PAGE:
Fear of the loss of our rights and Treaties has often worked to force us into a position of excessive dependence on the Federal Government. In many cases the dependence is so great that actual control of our Reserves is exercised by outsiders who are responsible to Ottawa officials and not to the Reserve residents they are supposed to serve.

The prolonged Federal domination of service programs has retarded rather than enhanced local progress on the Reserve. Indians have been deprived of the full opportunity to develop leadership crucial to the growth of effective Band Government. Paternalism has served to deny Indians an effective voice in the planning and implementation of programs for the benefit of Indians.

Most programs for Indians are not run by Indians. This has resulted in programs being far less effective than they ought to be, and in an erosion of Indian initiative and morale.

Any government proposals to grant greater self-determination to Indians have been accompanied by proposals to terminate Indian rights and status. Indian self-determination must be encouraged without the threat of eventual termination.

Policies and programs must strengthen a Band's sense of autonomy without threatening the Reserve's sense of community. Indians must be able to assume control over programs and institutions without being separated from Indian rights and status.

Legislation must provide for Indians to become independent of Federal control without being cut off from the Federal support guaranteed by special rights, the British North America Act, Treaties and the Indian Act.

Results of Paternalism

Indian communities suffer from a state of poverty beyond economic poverty. On many Reserves a tragic waste of human and natural resources has produced frustration, social disorientation and hostility. Many people see little hope for the future. To overcome psychological poverty, a community must be able to convert from despair to hope. Freedom to manage their own affairs can assist in the development of self-respect, pride and self-reliance. Indian people want opportunities and choices. Reserves must be able to offer their residents meaningful job opportunities, education and housing as well as political power, social acceptance, cultural identity and pride.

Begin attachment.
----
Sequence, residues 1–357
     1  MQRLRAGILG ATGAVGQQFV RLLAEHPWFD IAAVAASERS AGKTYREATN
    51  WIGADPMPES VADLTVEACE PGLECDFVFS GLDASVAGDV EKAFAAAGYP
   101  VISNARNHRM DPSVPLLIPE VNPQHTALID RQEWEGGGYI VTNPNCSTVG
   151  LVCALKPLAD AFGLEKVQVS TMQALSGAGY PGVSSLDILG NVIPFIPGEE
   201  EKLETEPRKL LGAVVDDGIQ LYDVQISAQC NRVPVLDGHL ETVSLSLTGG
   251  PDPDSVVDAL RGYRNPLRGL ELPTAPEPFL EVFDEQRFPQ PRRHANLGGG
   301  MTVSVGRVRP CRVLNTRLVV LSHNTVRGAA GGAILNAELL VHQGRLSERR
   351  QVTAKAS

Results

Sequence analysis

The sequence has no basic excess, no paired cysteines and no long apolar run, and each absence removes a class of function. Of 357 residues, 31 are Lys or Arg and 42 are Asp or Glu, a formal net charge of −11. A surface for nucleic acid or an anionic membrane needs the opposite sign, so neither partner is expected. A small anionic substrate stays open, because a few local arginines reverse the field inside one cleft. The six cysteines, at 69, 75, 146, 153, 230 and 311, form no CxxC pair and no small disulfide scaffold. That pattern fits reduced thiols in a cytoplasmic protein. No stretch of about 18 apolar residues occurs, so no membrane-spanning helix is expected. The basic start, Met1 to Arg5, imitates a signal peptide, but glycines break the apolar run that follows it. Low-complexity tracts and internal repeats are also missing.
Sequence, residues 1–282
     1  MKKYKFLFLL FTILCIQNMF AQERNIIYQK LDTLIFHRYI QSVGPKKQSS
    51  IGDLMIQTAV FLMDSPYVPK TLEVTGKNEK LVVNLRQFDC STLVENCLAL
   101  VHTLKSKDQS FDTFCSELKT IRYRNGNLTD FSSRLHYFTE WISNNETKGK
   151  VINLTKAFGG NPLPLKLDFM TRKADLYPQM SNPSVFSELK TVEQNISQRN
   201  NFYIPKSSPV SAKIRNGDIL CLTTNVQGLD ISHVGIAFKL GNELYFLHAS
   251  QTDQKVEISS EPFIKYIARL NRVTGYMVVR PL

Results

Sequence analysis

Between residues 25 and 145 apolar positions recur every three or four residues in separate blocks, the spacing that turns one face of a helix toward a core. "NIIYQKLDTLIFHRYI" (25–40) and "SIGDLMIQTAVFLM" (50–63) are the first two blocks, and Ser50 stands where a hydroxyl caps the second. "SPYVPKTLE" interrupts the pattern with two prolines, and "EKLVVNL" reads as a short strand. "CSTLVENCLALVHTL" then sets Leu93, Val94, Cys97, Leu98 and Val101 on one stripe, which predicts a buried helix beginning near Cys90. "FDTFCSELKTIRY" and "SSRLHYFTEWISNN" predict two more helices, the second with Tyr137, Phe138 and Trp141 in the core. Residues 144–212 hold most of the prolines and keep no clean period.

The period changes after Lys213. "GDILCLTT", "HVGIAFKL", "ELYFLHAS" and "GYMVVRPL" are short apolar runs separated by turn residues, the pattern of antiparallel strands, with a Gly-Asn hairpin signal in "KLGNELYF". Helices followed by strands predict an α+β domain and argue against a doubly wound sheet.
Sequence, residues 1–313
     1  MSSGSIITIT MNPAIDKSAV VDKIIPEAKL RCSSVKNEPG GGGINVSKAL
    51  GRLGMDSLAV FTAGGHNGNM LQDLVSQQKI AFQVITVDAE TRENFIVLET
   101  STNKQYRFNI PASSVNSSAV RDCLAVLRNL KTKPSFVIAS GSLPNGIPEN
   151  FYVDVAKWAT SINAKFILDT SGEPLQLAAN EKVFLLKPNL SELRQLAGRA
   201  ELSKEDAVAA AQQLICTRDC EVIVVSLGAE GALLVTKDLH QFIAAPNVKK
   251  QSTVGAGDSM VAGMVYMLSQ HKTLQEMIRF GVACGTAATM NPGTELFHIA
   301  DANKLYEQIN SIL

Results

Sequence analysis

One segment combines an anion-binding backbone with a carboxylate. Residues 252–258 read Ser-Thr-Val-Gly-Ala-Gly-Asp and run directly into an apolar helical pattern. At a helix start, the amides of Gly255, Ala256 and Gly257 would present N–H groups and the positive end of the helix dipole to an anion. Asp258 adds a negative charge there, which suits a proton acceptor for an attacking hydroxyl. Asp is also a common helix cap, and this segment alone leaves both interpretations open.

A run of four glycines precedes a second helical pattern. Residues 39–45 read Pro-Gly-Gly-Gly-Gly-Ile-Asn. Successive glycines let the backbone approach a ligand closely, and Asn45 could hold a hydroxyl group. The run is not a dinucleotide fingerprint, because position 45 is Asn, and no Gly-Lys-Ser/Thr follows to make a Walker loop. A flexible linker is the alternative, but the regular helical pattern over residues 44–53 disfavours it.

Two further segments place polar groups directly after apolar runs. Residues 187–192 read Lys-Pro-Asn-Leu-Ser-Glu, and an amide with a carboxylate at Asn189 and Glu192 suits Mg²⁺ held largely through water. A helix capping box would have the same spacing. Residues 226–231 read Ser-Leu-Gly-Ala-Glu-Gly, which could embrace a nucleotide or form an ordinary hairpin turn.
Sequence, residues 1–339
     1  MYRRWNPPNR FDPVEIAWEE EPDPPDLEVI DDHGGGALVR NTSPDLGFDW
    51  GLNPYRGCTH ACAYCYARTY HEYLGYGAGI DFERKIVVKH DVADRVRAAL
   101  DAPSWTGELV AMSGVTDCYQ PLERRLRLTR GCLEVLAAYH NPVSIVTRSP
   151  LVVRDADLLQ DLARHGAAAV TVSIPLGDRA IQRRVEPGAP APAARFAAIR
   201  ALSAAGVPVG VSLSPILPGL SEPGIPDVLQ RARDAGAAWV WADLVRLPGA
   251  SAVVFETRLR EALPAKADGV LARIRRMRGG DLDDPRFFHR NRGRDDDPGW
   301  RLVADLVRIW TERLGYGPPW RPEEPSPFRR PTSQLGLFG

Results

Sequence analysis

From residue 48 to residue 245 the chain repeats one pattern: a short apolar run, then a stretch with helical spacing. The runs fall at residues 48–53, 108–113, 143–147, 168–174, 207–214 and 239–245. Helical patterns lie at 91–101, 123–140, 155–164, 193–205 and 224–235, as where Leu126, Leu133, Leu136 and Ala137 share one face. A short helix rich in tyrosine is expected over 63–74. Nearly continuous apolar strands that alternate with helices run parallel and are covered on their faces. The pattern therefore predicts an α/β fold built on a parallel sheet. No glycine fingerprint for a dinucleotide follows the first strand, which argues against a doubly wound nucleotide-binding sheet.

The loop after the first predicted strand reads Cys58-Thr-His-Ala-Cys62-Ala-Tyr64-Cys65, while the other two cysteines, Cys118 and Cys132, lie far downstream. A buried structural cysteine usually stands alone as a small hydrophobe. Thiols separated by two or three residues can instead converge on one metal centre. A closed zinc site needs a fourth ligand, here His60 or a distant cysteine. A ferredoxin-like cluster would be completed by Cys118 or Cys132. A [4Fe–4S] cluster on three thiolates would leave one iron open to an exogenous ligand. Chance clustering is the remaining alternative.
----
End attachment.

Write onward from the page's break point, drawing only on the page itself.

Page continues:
Where there are real and meaningful choices there is power, there is the ability to make responses and, finally, there follows a sense of responsibility.

Improved communication has resulted. on reserves as in other areas of Canada, in what can be termed as "equalization of needs". What was acceptable three years ago is totally inadequate today. The demands Indian people are making place a heavy burden on their leaders. Slipshod or second-rate services and physical comforts were tolerated in the past, but they are not any more. The Department of Indian Affairs is seen, and indeed behaves as, a gatekeeper of resources frustrating the efforts of Indian leaders to satisfy the needs and aspirations of their people.

Concurrently Indian leaders have to spend a lot of energy fighting off pressure from Canadian institutions, governments and individuals to change and "be like us".